Message 5 of 30 , Jun 6, 2002
              In a message dated 6/6/02 10:19:37 PM Central Daylight Time,
              purgatory@... writes:


              > they are a little tight and hard to install.
              >
              >

              Hi Paul.......

              I know what you mean, I've slid several of them under my fingernails. I do
              like them somewhat tight though and have made a little tool with a plastic
              handle and bent peice of rail, that someone on the list told about. Works
              just fine.....no more Commanche war dance in the garage when I have to pull
              one out of the end of my thumb!

              Bill Martin
              San Antonio, Texas
              Presque Isle Northern RR


              [Non-text portions of this message have been removed]
            • Payne,Brett
              Mike, I have been using ME s code 55 joiners. They are very tight though as you say. I might try the Atlas code 55 ones next time. I also tried gluing using a
              Message 6 of 30 , Jun 6, 2002
                Mike,
                I have been using ME's code 55 joiners. They are very tight though as you say. I might try the Atlas code 55 ones next time.

                I also tried gluing using a calk compound after the process appeared in MR a year or so back. It made a horrible mess. I was gluing the track down to a spline roadbed made out of masonite. The method may work for some but I prefer white glue because I can salvage the track later if required. I found with a calk it was both messy to use, less forgiving on adjustment in curves, and sticks permanently once dry.

                Cheers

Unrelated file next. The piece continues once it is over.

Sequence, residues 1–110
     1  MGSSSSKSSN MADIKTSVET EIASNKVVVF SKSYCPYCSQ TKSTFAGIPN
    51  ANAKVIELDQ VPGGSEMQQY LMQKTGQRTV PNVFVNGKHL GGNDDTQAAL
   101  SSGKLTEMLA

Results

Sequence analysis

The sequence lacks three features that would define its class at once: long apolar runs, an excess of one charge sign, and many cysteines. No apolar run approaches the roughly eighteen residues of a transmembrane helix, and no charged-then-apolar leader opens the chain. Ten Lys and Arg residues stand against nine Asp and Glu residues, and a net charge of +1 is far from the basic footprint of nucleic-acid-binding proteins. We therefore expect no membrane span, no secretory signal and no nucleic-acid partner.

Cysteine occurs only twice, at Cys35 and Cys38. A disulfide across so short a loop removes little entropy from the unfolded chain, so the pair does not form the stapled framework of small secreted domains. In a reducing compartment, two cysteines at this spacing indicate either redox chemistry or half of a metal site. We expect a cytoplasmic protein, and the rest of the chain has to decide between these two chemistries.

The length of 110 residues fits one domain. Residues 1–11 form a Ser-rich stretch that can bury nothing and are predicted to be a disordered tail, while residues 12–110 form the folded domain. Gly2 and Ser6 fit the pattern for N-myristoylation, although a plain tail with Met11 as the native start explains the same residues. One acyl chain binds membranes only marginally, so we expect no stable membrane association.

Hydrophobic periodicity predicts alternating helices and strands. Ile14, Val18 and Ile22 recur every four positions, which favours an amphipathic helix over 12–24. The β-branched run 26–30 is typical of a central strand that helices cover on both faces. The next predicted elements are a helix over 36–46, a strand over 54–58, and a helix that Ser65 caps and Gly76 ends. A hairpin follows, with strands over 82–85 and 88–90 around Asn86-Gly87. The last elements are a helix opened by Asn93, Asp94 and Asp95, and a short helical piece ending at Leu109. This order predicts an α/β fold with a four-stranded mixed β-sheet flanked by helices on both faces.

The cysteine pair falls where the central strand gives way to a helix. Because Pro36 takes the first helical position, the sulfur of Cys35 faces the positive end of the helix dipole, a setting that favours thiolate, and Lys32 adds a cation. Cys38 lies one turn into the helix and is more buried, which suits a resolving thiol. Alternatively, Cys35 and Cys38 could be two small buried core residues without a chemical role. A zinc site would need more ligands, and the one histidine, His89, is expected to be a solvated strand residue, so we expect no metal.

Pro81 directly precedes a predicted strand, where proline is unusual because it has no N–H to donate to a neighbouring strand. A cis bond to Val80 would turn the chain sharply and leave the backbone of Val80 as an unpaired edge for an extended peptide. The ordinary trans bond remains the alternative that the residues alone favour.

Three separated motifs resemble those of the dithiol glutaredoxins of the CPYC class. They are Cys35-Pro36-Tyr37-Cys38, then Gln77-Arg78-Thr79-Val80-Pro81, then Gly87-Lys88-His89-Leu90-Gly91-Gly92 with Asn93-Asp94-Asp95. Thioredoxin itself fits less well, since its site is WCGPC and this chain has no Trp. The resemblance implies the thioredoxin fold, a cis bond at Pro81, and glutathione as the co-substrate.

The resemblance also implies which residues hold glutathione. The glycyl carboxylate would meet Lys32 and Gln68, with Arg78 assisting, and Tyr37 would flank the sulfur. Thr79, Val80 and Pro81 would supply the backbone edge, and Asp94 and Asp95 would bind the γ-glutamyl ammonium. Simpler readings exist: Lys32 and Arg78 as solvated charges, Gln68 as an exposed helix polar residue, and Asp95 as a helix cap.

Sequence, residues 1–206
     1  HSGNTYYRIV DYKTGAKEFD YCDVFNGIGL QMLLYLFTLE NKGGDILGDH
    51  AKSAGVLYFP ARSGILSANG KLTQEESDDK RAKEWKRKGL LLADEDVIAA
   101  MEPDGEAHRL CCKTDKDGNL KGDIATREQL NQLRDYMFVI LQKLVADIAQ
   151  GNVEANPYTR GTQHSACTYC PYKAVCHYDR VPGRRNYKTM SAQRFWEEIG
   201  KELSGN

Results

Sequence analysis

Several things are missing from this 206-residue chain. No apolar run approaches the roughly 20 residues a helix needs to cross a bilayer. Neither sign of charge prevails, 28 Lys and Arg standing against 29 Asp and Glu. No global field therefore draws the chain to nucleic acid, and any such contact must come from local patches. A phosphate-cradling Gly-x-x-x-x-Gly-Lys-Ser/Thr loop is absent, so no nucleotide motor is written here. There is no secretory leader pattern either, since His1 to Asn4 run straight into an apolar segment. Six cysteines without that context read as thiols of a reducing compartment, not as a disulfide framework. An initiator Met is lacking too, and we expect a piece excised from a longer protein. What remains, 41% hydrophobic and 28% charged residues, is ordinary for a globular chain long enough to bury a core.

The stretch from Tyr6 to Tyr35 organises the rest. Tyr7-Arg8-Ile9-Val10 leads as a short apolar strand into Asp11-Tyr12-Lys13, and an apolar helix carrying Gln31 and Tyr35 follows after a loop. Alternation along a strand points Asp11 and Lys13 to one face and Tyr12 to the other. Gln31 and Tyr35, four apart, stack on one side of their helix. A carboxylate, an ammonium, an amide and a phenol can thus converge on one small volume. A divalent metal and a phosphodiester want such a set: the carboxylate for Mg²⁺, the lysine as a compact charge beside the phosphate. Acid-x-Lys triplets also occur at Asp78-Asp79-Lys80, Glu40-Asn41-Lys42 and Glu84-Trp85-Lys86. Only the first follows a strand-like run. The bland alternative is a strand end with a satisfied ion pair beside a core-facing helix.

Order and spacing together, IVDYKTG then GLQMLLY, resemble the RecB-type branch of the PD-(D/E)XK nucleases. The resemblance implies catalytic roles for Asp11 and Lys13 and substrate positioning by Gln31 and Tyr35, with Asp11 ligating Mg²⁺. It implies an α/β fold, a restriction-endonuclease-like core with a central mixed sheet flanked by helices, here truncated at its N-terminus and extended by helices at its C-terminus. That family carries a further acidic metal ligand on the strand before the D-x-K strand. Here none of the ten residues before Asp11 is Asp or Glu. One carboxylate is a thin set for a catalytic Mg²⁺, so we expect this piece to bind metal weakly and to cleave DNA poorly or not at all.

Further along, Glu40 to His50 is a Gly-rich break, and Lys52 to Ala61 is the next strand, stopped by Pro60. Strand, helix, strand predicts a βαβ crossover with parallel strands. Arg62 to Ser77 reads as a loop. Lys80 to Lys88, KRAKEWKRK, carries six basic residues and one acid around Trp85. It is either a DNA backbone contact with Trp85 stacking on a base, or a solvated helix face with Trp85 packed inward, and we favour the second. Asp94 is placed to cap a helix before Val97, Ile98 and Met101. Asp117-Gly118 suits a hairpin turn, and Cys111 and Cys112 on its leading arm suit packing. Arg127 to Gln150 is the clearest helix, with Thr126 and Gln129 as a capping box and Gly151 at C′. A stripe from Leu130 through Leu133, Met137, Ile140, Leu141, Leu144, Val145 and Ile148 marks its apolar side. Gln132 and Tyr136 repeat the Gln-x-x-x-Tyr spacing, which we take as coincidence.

Brett

                > Brett (and anybody else),
                >
                > What are you using for rail joiners? I tried some of
                > ME's Code 55 joiners last Saturday, but couldn't even
                > get them on the rails. Very frustrating.
                >
                > Mike Conder
              • rj.dial@ual.com
                I ve tried all sorts of rail joiners - and no rail joiners too (soldered & filed track ends), but keep coming back to the ME tiny joiners. They seem to look
                Message 7 of 30 , Jun 7, 2002
                  I've tried all sorts of rail joiners - and no rail joiners too
                  (soldered & filed track ends), but keep coming back to the ME tiny
                  joiners. They seem to look the best, and don't interfere with the
                  wheelsets. I use the joiners on handlaid track too.

                  Make sure you have the right size for the rail, as ME makes code 40
                  joiners, too. Make sure the rail ends don't have any burrs - I use a
                  Dremel and sanding disk and needle file after nipping with the rail
                  cutters. The joiners install on the first rail pretty easy with a pair
                  of tiny needle nose pliers. Another tool I use is a dental pick in the
                  shape of a flat spade, and stick it into the joiner from above,
                  spreading apart the two blades. Getting the second piece of flex track
                  on is the hardest, and usually takes a little patience and wiggling and
                  adjusting with the pliers and pick. http://www.MicroMark.com is a
                  great source for tiny tools that will help.

                  Best of luck,
                  RJ

                  > Message: 6
                  > Date: Wed, 5 Jun 2002 20:31:54 -0700 (PDT)
                  > From: Mike Conder <vulturenest1@...>
                  > Subject: RE: Micro-Engineering track